Abstract: In this paper, we investigate the relationship between health and economic growth through including investment, exports, imports, and research and development (R&D), for 5 Asian countries using panel unit root, panel cointegration with structural breaks and panel long-run estimator for the period 1974-2007. We model this relationship within the production function framework, and unravel two important results. First, we find that in three variants of the growth model, variables share a long-run relationship; that is, they are cointegrated. Second, we find that in the long-run, while health, investment, exports, and R&D have contributed positively to economic growth, imports have had a statistically significant negative effect while education has had an insignificant effect. We draw important policy implications from these findings.
    Keywords: Health; Economic Growth; Panel Unit Root; Panel Cointegration.
    JEL: C23 C33 I10 I20
    Date: 2010–07–16
  9. By: Maryla Maliszewska; Elena Jarocinska; Milan Scasny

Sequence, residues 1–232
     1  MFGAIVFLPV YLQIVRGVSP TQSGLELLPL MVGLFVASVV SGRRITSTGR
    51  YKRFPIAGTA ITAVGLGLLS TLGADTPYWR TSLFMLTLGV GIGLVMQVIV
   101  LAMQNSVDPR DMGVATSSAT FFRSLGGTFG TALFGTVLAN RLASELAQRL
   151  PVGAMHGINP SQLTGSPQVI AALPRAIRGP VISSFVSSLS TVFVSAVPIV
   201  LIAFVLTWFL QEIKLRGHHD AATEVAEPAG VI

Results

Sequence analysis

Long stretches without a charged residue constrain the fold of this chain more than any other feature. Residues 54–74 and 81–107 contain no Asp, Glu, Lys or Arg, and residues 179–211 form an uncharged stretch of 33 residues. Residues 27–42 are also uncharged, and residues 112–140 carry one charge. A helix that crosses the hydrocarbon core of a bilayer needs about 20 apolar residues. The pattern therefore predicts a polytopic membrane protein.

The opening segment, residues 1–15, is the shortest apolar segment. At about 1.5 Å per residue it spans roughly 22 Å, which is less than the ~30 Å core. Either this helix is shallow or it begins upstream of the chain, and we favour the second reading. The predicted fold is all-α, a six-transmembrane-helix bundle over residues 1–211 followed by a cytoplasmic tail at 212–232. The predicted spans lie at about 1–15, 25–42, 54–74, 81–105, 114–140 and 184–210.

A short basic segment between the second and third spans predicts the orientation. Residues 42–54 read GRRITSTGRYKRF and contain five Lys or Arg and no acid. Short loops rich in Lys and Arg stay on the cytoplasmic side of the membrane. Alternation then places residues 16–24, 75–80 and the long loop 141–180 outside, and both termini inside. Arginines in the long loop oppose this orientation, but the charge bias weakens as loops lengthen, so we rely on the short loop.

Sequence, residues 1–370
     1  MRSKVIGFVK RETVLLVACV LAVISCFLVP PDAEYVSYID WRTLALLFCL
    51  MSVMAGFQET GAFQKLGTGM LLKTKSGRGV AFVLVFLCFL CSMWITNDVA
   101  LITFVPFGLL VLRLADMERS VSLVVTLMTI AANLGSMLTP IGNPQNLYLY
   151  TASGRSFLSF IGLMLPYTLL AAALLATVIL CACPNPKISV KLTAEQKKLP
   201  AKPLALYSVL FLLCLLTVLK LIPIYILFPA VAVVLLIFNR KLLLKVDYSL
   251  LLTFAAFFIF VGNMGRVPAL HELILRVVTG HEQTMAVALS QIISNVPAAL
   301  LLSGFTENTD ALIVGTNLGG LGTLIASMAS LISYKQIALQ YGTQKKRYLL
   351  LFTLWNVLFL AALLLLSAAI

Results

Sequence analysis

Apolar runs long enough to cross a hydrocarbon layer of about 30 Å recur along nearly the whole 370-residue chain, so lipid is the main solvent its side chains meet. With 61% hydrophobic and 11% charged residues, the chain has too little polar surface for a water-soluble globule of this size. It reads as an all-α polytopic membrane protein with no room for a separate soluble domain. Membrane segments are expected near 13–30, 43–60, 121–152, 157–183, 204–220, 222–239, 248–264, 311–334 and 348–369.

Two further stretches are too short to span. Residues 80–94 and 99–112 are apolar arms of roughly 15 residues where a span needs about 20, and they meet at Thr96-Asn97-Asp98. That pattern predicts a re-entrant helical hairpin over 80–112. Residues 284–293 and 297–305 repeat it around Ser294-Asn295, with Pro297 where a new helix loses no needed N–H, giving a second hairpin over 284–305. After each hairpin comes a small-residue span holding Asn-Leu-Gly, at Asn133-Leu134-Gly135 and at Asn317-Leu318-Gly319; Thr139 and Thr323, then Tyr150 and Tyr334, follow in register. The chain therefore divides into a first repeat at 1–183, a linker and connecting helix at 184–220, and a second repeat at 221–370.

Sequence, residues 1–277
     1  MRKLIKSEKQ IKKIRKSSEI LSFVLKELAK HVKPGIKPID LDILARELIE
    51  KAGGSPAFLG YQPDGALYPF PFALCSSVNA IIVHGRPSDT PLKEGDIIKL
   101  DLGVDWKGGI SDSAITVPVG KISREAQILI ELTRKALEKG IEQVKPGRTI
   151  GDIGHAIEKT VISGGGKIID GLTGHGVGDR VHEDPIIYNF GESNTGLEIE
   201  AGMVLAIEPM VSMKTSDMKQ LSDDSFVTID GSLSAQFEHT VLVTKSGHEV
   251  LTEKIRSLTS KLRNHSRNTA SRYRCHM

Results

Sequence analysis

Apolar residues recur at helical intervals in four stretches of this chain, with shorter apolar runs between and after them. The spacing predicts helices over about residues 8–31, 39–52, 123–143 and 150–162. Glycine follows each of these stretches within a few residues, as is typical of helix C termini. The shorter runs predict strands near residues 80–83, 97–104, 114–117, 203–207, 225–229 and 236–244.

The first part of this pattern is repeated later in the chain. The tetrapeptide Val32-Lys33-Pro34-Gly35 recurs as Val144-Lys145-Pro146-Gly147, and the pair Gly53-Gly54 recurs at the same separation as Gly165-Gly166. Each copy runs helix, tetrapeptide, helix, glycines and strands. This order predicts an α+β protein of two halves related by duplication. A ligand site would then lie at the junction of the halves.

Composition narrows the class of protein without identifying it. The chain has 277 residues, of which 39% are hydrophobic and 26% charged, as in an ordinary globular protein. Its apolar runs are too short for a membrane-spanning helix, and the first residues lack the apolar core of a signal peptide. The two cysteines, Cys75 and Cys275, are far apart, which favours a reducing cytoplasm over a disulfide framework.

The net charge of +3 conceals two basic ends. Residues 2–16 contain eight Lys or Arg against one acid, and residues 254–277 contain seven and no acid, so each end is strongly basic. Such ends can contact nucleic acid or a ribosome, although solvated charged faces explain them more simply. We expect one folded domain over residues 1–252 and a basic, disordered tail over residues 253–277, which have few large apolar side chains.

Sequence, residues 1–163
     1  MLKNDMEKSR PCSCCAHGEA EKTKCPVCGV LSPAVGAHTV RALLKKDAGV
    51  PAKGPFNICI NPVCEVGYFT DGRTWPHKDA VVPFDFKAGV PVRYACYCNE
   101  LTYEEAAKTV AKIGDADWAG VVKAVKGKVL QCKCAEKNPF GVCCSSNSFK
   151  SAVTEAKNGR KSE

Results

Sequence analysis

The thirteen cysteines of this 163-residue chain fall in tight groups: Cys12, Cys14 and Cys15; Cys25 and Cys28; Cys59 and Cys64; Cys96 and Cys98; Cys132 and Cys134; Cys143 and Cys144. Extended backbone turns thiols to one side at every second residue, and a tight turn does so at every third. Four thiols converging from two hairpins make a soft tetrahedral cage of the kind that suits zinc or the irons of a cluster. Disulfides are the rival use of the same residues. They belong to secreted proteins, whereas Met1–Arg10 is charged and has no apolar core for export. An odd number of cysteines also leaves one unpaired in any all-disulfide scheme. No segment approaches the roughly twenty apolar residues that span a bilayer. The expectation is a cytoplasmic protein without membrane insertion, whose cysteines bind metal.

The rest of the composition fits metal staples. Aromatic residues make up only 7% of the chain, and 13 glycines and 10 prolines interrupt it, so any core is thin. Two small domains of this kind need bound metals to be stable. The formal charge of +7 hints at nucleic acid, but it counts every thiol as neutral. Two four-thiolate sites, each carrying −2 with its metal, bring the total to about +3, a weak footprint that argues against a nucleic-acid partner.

Abstract: The EU-Russia Partnership and Cooperation Agreement, which entered into force in 1997 foresees the possible establishment of a free trade area (FTA) between the parties. The aim of our study is to evaluate the possible economic, social and environmental impact of such a free trade agreement between the European Union and Russia. The results of the analysis indicate that an EU-Russia FTA will be beneficial to the Russian Federation and the EU27. Some sectors are expected to contract in the medium term, but their importance in total output is small. Over the long run, the majority of sectors in Russia are expected to expand, while only a few sectors in the EU27 are expected to register negligible decreases in output. We estimate that welfare losses from the environmental damages would be very small for Russia (possibly even smaller due to the implementation of greener technologies), and negligible for the EU. Despite some significant negative medium-term social implications in selected sectors in Russia, the overall increase in economic activity and wages, coupled with likely domestic policies aiming at easing the impact of transitional unemployment, are expected to allow for the overall reduction in poverty rates. Overall, the results show that significant welfare gains (2.24% of GDP for Russia) would accrue from the deep FTA scenario involving a significant reduction of NTBs along with additional flanking measures, particularly on competition, IPR protection and corruption, which would help re-branding of Russia as a safe and attractive investment location. Also a number of countries such as Finland, Ireland, Netherlands, Denmark, Estonia, Slovakia, Slovenia and Sweden are expected to see their welfare increase by around 0.5% of GDP.